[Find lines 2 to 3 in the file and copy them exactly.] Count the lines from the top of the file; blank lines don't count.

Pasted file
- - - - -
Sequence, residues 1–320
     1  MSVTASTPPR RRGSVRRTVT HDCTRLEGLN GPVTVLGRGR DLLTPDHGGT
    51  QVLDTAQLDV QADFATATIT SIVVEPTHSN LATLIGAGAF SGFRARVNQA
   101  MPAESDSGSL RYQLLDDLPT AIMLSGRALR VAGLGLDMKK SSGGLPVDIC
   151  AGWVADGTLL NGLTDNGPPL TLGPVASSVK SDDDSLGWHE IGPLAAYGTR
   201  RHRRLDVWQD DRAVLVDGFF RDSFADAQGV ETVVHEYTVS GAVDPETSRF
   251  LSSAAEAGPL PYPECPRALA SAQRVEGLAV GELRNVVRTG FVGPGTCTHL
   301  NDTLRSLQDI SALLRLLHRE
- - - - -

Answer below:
     1  MSVTASTPPR RRGSVRRTVT HDCTRLEGLN GPVTVLGRGR DLLTPDHGGT
    51  QVLDTAQLDV QADFATATIT SIVVEPTHSN LATLIGAGAF SGFRARVNQA